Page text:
Sweetening, color, flavor – molding these three essentials into the ideal triple harmony is one of the key challenges facing the food and beverage industry. At drinktec 2013, taking place at Munichґs trade fair center from September 16 to 20, 2013, virtually every relevant manufacturer worldwide will be on hand to demonstrate the new, trendsetting developments in this sector.
New Beverage Concepts
One absolute must-visit for marketing and technology divisions of brewing and soft drinks groups and SMEs, dairy producers and liquid foods manufacturers, is the “Special Area New Beverage Concepts” in Hall B1. At this location manufacturers will be presenting and explaining their new sweetening, coloring and flavoring strategies. BENEO, for example, a leading manufacturer of functional ingredients, will be demonstrating ideas for a better balance in energy-boosting products: “Consumers are increasingly focusing on drinks concepts that release a steady supply of energy, avoiding the so-called ‘boost and crash’ effect. It is ingredients like ginseng or Palatinose™ (Isomaltulose) that rate highest on this criterion, as they are natural products that also offer nutritional benefits,” explains Jens Bцhm, Marketing Manager for BENEO. The New Beverage Concepts Special Area has its own catering area enabling sampling of innovative drinks right there. The Special Area is a separately designated and designed area located in the exhibition section featuring Raw Materials, Additives and Agents. The New Beverage Concepts Special Area is a promotion by drinktec in cooperation with Dr. Harnisch International Publications, Nuremberg.
It has to taste good. That has always been the supreme imperative governing the development of beverages and liquid foods. But what exactly do we mean by ‘taste good’, or indeed by the word ‘taste’ itself? It’s not a great mystery, in fact. The tongue can distinguish precisely five types of taste: sweet, sour, bitter, salty and satisfyingly meaty. Everything else about ‘taste’ comes from the eyes and the nose, which are incomparably more sensitive. All these sense impressions trigger emotions or memories, which our brain processes into an overall judgment. And finally we come up with “I like it” – or “I don’t like it.”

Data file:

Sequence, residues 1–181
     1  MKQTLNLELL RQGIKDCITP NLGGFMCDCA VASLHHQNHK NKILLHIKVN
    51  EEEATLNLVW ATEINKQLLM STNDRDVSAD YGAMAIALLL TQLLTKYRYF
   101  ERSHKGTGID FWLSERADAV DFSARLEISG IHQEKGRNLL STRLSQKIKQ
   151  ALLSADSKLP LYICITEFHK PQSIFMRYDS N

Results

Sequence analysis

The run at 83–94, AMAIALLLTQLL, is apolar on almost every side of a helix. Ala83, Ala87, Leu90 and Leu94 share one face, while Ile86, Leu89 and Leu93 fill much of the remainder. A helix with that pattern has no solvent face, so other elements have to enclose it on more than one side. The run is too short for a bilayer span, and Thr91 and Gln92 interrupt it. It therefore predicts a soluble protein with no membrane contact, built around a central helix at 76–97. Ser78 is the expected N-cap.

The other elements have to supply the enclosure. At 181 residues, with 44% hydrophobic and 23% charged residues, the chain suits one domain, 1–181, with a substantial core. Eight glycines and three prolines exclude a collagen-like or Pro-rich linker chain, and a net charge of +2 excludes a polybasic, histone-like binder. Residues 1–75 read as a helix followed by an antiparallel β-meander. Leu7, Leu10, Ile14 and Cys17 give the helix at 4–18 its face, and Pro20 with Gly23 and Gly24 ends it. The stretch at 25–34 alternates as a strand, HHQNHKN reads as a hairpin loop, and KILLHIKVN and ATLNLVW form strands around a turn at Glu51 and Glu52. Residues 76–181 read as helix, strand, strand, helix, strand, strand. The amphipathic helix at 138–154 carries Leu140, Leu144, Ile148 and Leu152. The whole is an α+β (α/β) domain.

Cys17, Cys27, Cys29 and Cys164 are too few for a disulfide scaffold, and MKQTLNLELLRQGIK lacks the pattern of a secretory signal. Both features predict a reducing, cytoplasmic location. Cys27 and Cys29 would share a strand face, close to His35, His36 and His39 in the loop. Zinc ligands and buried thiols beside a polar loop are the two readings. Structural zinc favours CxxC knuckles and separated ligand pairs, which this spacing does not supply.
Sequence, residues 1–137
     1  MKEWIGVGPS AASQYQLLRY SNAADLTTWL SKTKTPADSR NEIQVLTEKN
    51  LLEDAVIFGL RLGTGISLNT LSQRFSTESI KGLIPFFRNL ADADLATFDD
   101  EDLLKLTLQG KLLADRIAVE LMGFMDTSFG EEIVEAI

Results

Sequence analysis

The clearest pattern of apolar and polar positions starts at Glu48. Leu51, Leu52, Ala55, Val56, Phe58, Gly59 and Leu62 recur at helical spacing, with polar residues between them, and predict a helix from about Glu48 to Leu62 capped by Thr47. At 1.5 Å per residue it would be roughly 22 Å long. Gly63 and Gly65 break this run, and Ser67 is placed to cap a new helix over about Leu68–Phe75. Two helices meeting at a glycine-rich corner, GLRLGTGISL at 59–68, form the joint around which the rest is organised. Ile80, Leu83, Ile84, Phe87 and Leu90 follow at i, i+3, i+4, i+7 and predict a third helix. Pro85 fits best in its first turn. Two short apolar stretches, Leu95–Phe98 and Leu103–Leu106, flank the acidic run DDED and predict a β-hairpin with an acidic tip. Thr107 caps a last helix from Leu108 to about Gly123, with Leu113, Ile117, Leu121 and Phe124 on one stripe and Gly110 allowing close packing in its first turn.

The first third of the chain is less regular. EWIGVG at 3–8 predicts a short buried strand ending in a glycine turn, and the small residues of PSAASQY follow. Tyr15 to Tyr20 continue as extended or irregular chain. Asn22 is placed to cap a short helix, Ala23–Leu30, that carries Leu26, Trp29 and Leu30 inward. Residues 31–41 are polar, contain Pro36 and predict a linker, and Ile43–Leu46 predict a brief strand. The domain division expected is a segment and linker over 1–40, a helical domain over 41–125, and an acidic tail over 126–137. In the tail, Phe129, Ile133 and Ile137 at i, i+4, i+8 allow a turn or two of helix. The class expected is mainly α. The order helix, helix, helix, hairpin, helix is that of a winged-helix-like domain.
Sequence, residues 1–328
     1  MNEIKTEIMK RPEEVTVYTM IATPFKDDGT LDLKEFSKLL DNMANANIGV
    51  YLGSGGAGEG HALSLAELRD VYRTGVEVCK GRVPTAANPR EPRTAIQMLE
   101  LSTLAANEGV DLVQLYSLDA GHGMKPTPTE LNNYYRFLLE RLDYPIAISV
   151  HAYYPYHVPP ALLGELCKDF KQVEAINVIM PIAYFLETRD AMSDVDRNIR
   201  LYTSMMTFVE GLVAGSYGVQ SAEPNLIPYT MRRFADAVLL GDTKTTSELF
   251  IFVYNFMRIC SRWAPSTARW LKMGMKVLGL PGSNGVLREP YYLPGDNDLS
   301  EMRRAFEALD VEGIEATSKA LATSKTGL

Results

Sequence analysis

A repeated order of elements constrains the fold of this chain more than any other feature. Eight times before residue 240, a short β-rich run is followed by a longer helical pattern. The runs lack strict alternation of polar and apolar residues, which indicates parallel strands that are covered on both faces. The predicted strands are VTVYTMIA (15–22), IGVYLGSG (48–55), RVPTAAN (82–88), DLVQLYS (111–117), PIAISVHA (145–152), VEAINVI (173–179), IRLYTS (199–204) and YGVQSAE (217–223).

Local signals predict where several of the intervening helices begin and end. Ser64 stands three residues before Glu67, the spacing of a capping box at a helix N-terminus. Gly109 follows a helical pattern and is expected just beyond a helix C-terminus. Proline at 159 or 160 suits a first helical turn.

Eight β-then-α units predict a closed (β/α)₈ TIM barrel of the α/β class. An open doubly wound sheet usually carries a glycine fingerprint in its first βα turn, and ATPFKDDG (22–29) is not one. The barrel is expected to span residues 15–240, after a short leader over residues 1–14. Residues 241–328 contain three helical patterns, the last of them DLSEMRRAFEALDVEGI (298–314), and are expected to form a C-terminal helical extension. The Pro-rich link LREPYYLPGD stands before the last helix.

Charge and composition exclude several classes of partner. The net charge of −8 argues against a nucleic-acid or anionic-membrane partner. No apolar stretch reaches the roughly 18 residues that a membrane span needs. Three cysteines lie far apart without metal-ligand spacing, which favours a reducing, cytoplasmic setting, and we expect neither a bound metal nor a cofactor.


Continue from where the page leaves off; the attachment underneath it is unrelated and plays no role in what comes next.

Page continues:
Sweet = Good
It’s because of the emotions that taste becomes a complex matter after all. For example, ‘sweet’ stands for ‘good’, and probably has done ever since our primeval forebears came out of East Africa. Sweet foodstuffs thus almost automatically trigger that “I like it” response, deep inside us. However, partly as a result of changing consumer lifestyles, new requirements keep emerging, as do new concerns motivating alternative approaches. These concerns come with category labels such as obesity, dental health, diabetes, glycemic index or ‘natural’. All these subcategories will be represented by displays of relevant products in Hall B1 at drinktec. They range from calorie-free sweeteners through natural and almost blood sugar-neutral substitutes for sugar, special sugar combinations for sports use and classics like saccharose all the way to brand-new alternatives. The EU approval of steviol glycosides as a food additive (E 960) first and foremost enables the sweetening of drinks using new concepts based on stevia. Obtained from the leaves of a plant named stevia rebaudiana, steviol glycosides are up to 300 times sweeter than sugar, and calorie-free. A further interesting option, on which visitors to drinktec can find out more at first hand, is the use of naturally sweet drink bases such as malt extracts or – distinctly more exotic – coconut water.